Tourism promoters oppose tourism funds for lifeguards
CINDY LANE | SUN
A bill is moving through the Legislature that would
allow resort taxes to be spent on lifeguards.
Tourism promoters asked tourism operators last week to fight a bill making its way through the Florida Legislature that would allow tourist development tax funds to be spent on hiring more lifeguards.
The Senate unanimously passed an appropriations bill on Friday, April 26, that includes an amendment allowing coastal counties with populations of less than 250,000 to use tourist development tax, or resort tax, funds to pay for lifeguards on public beaches.
The House had not yet acted on the bill as of press time. The bill could be amended again before the regular Legislative session ends on Friday, May 3.
Manatee County’s population is 333,895, according to the 2010 U.S. Census.
Robert Skrob, of the Florida Association of Destination Marketing Organizations, sent an e-mail last week to Elliott Falcione, executive director of the Bradenton Area Convention and Visitors Bureau, who directed a staff member to forward it to local tourism businesses.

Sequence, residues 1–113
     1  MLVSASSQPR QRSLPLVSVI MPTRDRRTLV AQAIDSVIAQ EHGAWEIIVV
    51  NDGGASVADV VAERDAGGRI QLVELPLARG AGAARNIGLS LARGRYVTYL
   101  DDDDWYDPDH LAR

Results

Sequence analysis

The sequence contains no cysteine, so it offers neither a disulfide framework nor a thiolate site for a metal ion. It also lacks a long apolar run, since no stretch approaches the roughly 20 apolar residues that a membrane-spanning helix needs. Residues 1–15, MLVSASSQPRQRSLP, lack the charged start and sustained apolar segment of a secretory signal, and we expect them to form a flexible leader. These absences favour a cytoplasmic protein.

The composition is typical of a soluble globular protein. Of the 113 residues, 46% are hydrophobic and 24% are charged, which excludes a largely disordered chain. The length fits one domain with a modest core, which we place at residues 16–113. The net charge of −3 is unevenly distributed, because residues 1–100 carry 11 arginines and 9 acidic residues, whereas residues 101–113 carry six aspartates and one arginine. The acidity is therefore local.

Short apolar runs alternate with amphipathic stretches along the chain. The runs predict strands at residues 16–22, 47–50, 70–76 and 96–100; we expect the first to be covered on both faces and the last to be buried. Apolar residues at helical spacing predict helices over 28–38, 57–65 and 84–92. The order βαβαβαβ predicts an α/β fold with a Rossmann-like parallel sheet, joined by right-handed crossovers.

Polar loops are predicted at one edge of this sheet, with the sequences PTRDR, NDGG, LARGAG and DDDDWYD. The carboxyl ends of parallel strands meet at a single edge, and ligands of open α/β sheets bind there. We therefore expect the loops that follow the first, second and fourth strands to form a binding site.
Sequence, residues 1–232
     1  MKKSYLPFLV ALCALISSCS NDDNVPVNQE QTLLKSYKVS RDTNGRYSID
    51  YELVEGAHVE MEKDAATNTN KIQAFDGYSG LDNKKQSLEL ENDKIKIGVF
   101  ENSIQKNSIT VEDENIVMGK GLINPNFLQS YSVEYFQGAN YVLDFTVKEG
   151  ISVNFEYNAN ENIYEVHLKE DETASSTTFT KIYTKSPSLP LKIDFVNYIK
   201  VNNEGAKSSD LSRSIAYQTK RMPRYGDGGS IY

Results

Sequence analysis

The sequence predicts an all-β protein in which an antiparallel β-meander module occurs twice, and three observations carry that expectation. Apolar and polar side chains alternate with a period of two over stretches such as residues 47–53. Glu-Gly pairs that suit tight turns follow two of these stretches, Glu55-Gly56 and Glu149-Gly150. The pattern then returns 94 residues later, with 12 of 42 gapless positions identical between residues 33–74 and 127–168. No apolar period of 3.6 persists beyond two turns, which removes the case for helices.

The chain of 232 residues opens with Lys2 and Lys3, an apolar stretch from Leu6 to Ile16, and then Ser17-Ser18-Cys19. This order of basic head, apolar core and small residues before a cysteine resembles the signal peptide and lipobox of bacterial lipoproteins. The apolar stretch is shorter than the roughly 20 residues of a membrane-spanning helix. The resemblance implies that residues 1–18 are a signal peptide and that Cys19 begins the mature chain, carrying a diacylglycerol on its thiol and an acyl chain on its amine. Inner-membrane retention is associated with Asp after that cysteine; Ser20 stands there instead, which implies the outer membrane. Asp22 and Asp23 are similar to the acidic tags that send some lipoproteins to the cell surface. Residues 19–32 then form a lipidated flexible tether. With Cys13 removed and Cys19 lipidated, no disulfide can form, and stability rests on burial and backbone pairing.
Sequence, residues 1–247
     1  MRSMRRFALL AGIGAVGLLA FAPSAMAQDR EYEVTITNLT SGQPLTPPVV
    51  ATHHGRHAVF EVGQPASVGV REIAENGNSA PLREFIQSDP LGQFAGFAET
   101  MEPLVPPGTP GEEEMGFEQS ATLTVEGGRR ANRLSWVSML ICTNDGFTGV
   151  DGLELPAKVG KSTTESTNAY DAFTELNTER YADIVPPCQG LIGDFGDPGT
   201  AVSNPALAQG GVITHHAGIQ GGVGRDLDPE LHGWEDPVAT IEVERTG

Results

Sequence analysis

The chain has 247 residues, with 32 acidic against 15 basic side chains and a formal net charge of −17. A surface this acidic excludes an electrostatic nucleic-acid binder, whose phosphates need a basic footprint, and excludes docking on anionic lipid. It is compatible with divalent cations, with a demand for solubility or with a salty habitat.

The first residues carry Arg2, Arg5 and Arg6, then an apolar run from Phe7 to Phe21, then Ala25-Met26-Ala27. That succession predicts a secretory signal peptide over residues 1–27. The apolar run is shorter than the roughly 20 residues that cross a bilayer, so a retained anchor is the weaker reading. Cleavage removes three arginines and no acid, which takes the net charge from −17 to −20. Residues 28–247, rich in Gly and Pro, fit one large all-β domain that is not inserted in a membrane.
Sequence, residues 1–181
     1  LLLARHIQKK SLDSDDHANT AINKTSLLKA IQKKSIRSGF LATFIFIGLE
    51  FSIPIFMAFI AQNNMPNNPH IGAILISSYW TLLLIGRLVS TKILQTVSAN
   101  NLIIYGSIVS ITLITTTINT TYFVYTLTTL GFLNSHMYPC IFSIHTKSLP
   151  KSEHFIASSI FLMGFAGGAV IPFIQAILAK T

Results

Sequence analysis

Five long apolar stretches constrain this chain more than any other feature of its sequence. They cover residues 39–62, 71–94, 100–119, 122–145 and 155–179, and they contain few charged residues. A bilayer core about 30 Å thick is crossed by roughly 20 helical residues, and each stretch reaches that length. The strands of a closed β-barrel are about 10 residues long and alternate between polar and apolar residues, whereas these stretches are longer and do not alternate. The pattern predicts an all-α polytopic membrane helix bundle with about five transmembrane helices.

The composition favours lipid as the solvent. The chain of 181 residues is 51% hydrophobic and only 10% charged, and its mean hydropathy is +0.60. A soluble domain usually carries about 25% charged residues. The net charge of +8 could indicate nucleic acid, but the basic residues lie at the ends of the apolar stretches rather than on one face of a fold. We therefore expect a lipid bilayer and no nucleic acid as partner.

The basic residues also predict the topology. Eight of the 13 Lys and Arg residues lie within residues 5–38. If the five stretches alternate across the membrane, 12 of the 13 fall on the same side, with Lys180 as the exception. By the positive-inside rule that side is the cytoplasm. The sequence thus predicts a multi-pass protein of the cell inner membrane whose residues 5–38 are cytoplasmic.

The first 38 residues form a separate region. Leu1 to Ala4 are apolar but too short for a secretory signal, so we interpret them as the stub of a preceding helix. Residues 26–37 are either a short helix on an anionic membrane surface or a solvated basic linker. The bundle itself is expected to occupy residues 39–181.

“We must ask hoteliers, attractions and restaurants to contact their legislators; let them know we must stop this dangerous precedent of diverting tourism marketing dollars to public safety expenditures,” Skrob wrote in the e-mail.
A sample e-mail message that Skrob suggested that tourism operators send to legislators states: “While lifeguards are important for public safety, this represents a huge expansion of the allowable uses for tourist development taxes and is a real threat to funding resources for local tourism marketing activities… This change of the law opens the door to county governments from throughout Florida, together with police and fire unions, asking for similar exemptions to permit them to divert marketing dollars.”
“How about let’s ask, ‘Can you put a price on a life?’ ” said Collin Schmidt, of the Manatee County Public Safety Department’s Marine Rescue Division.
Less than a week before the e-mail, on Saturday, April 20, 6-year-old Lamontea Taylor was lost in Longboat Pass at the south end of Anna Maria Island sometime between 6 and 7 p.m. His body was found two days later.
Prior to budget cuts, lifeguard shifts during Daylight Savings Time, which was in effect at the time, were 9 a.m. to 7 p.m. Manatee County lifeguards now end their shifts at 5 p.m.
Skrob wrote that "local tourism marketing activities support Florida’s recent job growth.
“Choking out that marketing by diverting funds will result in the loss of visitors to Florida, who instead will go to other communities throughout the country and the world.”